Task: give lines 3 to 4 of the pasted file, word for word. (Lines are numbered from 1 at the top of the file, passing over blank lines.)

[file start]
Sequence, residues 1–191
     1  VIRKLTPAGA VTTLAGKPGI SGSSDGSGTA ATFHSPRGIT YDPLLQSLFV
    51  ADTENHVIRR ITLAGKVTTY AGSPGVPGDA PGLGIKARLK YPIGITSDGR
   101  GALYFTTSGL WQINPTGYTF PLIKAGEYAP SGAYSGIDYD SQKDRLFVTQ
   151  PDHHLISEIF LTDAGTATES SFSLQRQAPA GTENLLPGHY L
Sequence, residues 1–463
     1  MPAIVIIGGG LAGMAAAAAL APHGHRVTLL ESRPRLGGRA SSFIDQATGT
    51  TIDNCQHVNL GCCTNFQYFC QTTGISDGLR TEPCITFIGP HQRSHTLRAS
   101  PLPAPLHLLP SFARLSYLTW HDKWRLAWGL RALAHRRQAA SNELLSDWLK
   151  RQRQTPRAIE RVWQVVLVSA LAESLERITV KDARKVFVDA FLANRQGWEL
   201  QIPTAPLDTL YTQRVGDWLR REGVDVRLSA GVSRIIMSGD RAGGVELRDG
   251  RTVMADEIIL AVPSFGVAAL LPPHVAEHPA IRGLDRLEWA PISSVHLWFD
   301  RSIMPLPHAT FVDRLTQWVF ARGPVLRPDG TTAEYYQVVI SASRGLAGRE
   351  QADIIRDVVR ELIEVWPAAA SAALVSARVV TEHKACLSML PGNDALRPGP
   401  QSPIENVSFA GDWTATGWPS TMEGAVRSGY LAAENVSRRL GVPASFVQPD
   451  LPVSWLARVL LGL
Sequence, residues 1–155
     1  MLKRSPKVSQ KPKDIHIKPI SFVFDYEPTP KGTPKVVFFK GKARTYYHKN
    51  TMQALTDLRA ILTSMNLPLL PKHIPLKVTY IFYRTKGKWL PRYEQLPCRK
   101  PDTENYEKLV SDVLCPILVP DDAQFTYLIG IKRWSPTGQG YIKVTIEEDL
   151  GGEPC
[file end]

    51  ADTENHVIRR ITLAGKVTTY AGSPGVPGDA PGLGIKARLK YPIGITSDGR
   101  GALYFTTSGL WQINPTGYTF PLIKAGEYAP SGAYSGIDYD SQKDRLFVTQ